Tales from the Crypt aired on HBO for 7 seasons beginning on June 10, 1989. Produced by Joel Silver, Richard Donner, Robert Zemeckis, Walter Hill, and David Giler, the half-hour horror anthology series was based on EC Horror comics of the same name that ran in the 1950s. The series was one of the first to benefit from HBO being a pay channel by pushing the limits of language, gore, nudity, and good taste.
I remember staying up late to watch Tales from the Crypt when I was my daughter’s age. The Crypt Keeper (voiced by John Kassir, aka Buster Bunny) was a terrifying presence with a dash of cheesy humor while the stories themselves were full of gore and the reminder that evil was everywhere.
I loved it. I still love it. I watched it last night.
I know that my loving it doesn’t support my assertion that it is the best series ever aired on HBO. I do have some points to back this.
1. It was nominated for 36 total awards during its run.
I’m not saying that awards make something the best, or even good (*cough*The Big Bang Theory*cough*). One should admit that 7 Emmy nominations, 3 Saturn Award nomination, 26 Cable Ace Award nominations with 5 wins, plus 10 other nominations and 5 more wins are some pretty impressive credentials.
2. It was a star-studded affair in front of, behind, and adjacent to the camera.
Tales from the Crypt feels like it may have been a playground for the famous to test out different roles, ideas, and even jobs. It boasts an impressive roster of acting stars, including Brad Pitt, Lea Thompson, Kirk Douglas, Demi Moore, Christopher Reeve, Beau Bridges, Lewis and Patricia Arquette, Teri Garr, Tim Roth, Joe Pesci, Treat Williams, Tim Curry, Beverly D’Angelo, Clancy Brown, Malcolm McDowell, Timothy Dalton, Martin Sheen, Terry O’Quinn, Eddie Izzard, Patricia Clarkson, Katey Sagal, Jeffrey Tambor, Isabella Rossellini, and more more more more.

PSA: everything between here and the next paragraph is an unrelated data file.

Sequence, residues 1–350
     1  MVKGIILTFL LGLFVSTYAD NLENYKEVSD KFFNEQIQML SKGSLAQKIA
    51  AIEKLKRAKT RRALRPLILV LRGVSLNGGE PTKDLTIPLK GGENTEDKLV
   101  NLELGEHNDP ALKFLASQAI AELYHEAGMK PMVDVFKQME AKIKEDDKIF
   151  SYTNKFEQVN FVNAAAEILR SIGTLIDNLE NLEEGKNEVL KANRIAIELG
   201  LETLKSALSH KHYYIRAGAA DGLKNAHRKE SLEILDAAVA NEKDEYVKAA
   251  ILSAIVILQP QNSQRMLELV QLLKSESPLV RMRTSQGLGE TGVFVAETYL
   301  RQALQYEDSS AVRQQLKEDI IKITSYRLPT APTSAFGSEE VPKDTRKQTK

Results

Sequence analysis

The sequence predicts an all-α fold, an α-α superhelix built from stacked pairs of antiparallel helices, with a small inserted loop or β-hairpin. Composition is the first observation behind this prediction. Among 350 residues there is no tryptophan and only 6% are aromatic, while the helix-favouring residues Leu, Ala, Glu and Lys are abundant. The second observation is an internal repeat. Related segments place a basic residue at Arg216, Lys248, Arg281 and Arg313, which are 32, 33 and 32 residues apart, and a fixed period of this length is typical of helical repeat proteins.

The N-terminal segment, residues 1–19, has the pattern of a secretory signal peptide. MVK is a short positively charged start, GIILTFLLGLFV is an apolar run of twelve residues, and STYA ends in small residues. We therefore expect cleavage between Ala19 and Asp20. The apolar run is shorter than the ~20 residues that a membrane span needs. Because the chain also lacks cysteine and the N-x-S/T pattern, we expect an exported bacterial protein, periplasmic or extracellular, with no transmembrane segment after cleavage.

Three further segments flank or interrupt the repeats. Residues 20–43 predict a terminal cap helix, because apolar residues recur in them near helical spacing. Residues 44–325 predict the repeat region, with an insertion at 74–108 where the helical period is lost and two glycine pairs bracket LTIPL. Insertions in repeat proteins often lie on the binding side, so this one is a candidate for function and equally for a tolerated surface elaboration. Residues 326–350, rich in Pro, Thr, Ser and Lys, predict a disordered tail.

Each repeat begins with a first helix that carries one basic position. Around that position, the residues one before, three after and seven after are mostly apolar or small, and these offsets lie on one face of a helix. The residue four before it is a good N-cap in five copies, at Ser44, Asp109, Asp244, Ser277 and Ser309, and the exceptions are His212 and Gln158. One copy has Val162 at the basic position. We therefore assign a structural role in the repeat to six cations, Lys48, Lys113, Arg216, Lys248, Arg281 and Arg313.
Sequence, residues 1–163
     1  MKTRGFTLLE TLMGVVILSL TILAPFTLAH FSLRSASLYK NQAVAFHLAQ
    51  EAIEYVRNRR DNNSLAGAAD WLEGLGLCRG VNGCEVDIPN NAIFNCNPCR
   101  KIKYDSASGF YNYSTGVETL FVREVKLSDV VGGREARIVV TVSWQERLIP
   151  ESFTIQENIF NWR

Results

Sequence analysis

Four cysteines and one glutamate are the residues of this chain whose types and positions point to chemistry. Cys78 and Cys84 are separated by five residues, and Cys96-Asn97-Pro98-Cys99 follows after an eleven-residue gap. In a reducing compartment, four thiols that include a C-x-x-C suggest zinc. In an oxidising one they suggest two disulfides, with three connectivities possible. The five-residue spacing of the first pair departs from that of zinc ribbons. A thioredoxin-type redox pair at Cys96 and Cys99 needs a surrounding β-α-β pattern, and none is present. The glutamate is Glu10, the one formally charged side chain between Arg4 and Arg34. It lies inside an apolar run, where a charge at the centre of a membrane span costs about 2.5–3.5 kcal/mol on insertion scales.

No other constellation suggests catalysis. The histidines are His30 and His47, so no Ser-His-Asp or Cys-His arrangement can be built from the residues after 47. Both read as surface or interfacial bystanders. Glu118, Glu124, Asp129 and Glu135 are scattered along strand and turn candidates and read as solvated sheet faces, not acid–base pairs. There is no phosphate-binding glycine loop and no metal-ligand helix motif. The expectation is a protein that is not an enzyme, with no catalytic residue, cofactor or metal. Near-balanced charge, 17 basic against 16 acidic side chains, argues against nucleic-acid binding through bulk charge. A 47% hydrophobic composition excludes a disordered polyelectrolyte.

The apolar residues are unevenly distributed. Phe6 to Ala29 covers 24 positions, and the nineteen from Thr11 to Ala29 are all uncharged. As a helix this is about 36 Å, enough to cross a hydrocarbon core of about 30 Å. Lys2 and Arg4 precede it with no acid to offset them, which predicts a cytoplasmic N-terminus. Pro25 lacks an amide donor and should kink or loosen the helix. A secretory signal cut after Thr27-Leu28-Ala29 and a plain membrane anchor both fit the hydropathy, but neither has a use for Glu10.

Directors? They had tons of them too. Robert Zemeckis, Richard Donner, Tom Holland, Arnold Schwarzenegger, Michael J. Fox, Bob Hoskins, Joel Silver, Mick Garris, Tom Hanks, Stephen Hopkins, Mary Lambert, Randa Haines, Tobe Hooper, John Frankenheimer, Wiliam Friedkin, Howard Deutch (he directed wife Lea Thompson in one of the first episodes, “Only Sin Deep”) and more more more.
Writers were pretty top shelf as well. Frank Darabont, Steven E. de Souza, Andrew Kevin Walker, Brian Helgeland, Fred Dekker, A. Whitney Brown, Bob Gale, and more.
3. The amazing cast, directors, and writers were able to play with ideas.
Robert Zemeckis directed the season 6 episode “You, Murderer” starring John Lithgow, Isabella Rossellini, Sherilyn Fenn, and Humphrey Bogart. Using technology from his 1994 film Forrest Gump, Zemeckis was able to insert the long dead Bogart into the episode as its leading man.
Richard Donner, best known for Superman, Lethal Weapon, and The Goonies, was able to flex his horror muscles when he directed 3 episodes of the series.
Overall, the directors and writers had only the comics to get them started. After that point, they were able to play with the characters and the look of the story. As discussed over at The A.V. Club, writer Fred Dekker (Monster Squad) and director Kevin Yagher were able to take a bare bones comic and delve into the background of an abused freak show resident. The original comic barely longer than this paragraph.
4. The opening credits are classic and the theme song was written by Danny Elfman.
The Simpsons even parodied the opening in their “Treehouse of Horror XVII”.
5. The episodes still hold up.
I watched three or four episodes last night. The very first episode, “The Man Who Was Death”, has William Sadler as a man that flips the switch for the electric chair in state executions. Speaking directly into the camera with dead, emotionless eyes, Niles Talbot tells the audience all about his love for his job. When the state decides riding the lightning is too barbaric, Niles takes it upon himself to mete out punishment for those that slip through the cracks of justice. The final scene gives the episode a beautiful symmetry and brings to mind The Twilight Zone in its irony.
Perhaps the fashion and the technology in the episodes are archaic, but that’s not the focus nor is it the point. It’s the tale that matters and the collection of talent that brought them to life made that the focus. The stories are timeless, whether they focus on people attempting to cheat death, acquire wealth through any means, or prove themselves as the best. These are themes and desires that everyone can relate to on some level.
During “The Man Who Was Death”, I didn’t once think about the year it was made. It was Sadler’s performance, the delicious turnaround of fate, and the shades of Dexter that I focused on. I can’t help but wonder how many episodes of Tales from the Crypt inspired much of the entertainment that we watch today. From the emotionless white masks of “Only Skin Deep” to the vampire that no longer wanted to feast on humans in “The Reluctant Vampire”, I can see threads in popular movies of the recent past. That, kiddies, is why Tales from the Crypt is the best series HBO has, or may ever, air.